Early references of the distribution of haptoglobin polymorphism in Greek patients with prostate carcinoma compared with prostate benign hypertrophy (BPH) patients failed to demonstrate any association (Germenis A et al 1983, Dimopoulos MA et al 1984). These results were consistent with a recent report from an association study realized in an African population where the Authors didn´t also demonstrate any association of the Hp polymorphism with PSA (Prostate Specific Antigen) and prostate cancer patients survival (Mavondo GA et al 2012). However there were demonstrated higher circulation levels of monoclonal antibodies against glycosyl epitopes presents in the beta chain of Hp in prostate carcinoma compared with BPH that decreased after radical prostatectomy (Saito S et al 2008), table 3.
Serum levels of haptoglobin were elevated in kidney and bladder cancer concomitantly with a metabolite of Prostaglandin F2α, however only in bladder cancer was demonstrated in 264 Germans a statistically significant lower frequency of Hp2-2 genotype (Dunzendorfer U et al 1981; Bemkman HG et al 1987).
|Failed to demonstrate any Hp association||Germenis A et al 1983; Dimopoulos MA et al 1984|
|Any association of the polymorphism with PSA and survival||Mavondo GA et al 2012|
|Lower frequency of Hp 2-2||Benkman HG et al 1987|
For breast cancer despite consistency of overrepresentation of Hp 1 allele in three earlier studies (Tsamantains C et al 1980, Kaur H et al 1984, Bartel U et al 1985) and only one negative study (Hudson BL et al 1982) a more recent study demonstrate that Hp phenotype distribution in patients is family history-dependent. For these authors the frequency of Hp 1-1 and Hp 2-1 phenotypes is higher in the familial group and the opposite for the no familial group (Awadallah S and Atoum MF 2004). Moreover, in the recent study whose objective was to search for circulating proteins, predictive of recurrences and free survival of high risk primary breast cancer, with proteomic techniques (SELDI-TOF-MS) the authors, based on disturbances of iron (low levels of ferritin light chain is associated with good prognosis), identified Hp 2 allele as risk factor, nonetheless validated in an independent, sample and technique group of patients (Gast M-C W et al 2008). Also, it may have clinical important value, as a biomarker for recurrence in early breast cancer patients, the haptoglobin related (Hpr) protein in tissues and plasma (Kuhajda FP et al 1989 a-b).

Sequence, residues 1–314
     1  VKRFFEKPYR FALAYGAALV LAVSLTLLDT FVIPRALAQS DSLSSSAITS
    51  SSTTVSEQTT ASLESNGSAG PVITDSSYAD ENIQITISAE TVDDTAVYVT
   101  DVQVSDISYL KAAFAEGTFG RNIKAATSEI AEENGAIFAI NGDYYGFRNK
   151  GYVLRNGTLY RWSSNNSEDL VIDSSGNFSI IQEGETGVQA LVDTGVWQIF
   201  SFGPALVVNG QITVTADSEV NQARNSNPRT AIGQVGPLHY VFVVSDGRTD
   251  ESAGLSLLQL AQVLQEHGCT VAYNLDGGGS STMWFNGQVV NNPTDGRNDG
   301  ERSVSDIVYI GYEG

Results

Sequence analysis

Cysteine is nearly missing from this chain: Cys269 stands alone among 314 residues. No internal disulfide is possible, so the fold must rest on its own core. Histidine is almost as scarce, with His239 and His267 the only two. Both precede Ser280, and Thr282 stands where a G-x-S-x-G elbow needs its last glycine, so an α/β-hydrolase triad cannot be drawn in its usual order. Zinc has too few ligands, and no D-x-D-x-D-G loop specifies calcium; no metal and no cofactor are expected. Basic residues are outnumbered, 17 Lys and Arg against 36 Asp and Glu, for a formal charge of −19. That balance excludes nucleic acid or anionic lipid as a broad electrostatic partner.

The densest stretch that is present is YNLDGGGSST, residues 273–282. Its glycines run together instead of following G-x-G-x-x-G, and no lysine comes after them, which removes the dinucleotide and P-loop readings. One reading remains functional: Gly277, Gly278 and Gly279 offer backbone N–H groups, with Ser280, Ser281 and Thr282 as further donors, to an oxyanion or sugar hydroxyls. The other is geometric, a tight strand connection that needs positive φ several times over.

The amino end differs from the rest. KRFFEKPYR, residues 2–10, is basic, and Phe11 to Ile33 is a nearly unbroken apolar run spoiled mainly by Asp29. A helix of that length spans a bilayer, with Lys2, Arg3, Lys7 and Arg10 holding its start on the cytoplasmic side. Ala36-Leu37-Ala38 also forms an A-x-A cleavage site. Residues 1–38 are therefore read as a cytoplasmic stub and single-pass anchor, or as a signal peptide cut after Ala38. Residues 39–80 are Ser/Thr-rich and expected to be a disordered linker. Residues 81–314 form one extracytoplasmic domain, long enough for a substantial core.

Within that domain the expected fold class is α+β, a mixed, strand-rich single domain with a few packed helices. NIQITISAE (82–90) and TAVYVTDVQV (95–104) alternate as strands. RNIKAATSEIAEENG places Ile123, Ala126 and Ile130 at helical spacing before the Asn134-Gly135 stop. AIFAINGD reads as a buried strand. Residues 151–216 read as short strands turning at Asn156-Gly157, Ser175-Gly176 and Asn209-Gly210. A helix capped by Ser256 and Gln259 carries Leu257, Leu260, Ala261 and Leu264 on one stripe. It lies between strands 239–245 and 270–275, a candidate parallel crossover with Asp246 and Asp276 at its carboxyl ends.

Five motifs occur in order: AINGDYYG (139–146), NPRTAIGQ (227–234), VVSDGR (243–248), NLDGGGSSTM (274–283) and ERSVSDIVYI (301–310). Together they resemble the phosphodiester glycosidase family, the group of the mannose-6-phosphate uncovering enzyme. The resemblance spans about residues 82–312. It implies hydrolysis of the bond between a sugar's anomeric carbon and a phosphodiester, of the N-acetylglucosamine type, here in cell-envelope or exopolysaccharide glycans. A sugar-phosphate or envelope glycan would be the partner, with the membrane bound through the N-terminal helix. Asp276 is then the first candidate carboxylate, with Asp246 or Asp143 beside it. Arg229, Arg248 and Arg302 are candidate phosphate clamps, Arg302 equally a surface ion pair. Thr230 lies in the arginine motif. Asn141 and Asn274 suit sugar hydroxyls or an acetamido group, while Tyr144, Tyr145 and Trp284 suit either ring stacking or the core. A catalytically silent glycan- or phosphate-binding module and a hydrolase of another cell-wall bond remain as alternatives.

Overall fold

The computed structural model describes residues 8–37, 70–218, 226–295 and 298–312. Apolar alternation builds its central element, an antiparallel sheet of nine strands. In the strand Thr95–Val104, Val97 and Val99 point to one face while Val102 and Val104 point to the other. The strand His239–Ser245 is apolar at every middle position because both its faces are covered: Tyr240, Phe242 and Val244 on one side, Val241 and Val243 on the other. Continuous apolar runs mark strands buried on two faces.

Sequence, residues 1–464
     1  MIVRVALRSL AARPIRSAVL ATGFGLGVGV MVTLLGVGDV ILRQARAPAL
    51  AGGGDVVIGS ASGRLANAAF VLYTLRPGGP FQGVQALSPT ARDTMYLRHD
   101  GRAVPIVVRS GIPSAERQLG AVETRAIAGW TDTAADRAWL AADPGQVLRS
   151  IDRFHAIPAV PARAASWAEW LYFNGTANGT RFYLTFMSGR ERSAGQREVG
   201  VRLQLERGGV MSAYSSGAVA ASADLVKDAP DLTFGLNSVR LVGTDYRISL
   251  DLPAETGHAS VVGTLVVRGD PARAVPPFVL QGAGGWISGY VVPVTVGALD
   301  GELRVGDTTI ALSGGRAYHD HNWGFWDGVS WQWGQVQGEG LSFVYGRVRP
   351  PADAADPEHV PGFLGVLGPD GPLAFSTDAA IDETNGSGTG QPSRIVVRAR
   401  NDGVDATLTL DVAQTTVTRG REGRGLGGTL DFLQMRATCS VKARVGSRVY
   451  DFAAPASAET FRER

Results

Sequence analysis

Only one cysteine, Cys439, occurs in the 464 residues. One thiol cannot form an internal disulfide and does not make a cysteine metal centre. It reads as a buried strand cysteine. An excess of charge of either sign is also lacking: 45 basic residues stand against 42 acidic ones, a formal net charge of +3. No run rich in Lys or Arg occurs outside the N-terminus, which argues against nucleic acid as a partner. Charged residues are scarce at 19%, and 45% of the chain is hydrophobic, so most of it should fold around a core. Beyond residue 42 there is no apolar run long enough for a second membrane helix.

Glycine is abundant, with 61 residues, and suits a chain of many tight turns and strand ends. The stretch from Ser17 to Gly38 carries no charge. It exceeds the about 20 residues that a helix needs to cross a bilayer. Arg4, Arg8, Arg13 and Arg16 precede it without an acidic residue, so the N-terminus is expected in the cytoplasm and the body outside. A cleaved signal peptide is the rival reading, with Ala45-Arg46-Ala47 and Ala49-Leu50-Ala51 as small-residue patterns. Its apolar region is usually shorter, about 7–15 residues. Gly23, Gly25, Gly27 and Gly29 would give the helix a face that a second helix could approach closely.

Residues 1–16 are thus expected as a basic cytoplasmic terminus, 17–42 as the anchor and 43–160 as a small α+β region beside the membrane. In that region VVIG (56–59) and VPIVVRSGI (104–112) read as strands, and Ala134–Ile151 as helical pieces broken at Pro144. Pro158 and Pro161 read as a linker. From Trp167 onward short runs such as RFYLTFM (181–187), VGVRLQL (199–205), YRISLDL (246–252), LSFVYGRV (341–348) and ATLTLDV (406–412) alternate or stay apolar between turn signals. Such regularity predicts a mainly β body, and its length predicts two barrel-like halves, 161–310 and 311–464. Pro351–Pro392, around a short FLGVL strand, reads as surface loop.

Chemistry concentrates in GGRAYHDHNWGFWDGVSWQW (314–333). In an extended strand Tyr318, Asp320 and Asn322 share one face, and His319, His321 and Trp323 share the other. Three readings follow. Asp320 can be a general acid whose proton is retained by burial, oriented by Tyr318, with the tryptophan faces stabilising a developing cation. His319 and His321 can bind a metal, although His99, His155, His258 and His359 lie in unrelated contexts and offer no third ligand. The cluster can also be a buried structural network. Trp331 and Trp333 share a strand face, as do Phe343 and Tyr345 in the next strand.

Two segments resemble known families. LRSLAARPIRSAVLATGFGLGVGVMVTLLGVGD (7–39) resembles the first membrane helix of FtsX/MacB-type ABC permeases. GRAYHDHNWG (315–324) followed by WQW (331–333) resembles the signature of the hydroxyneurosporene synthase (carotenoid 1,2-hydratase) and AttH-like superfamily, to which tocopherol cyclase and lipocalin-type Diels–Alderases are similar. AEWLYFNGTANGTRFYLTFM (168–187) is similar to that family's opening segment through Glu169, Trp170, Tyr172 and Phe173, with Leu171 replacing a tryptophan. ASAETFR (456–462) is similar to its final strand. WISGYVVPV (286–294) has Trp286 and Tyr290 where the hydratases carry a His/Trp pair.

The first references from the sixties of the last century about gynaecologic tumours indicate contradictory results between the authors when they were analyzed as a whole in what concerns to the frequency of Hp1 allele (Larkin MF 1967, Milunicova A et al 1969). However, a posterior reference of Bartel U et al 1985 confirms a higher Hp1-1 genotype frequency in 246 German patients with gynaecological and breast tumours. When only ovarian cancer samples were considered, two references, one Polish and another Swedish, indicate they are associated respectively with Hp 1 allele and Hp2-1 phenotype in patients with family history (Dobryszycka W and Wavas M. 1983, Fröhlander N and Stendahl U 1988).
Cervical neoplasia is a good model that illustrates haptoglobin and its polymorphism influence in the several steps of its natural history interacting with oncogenic and non-oncogenic HPV (Human Papillomavirus) and other co-factors such as sexual steroid hormones and smoking habits (Bicho MC 2011).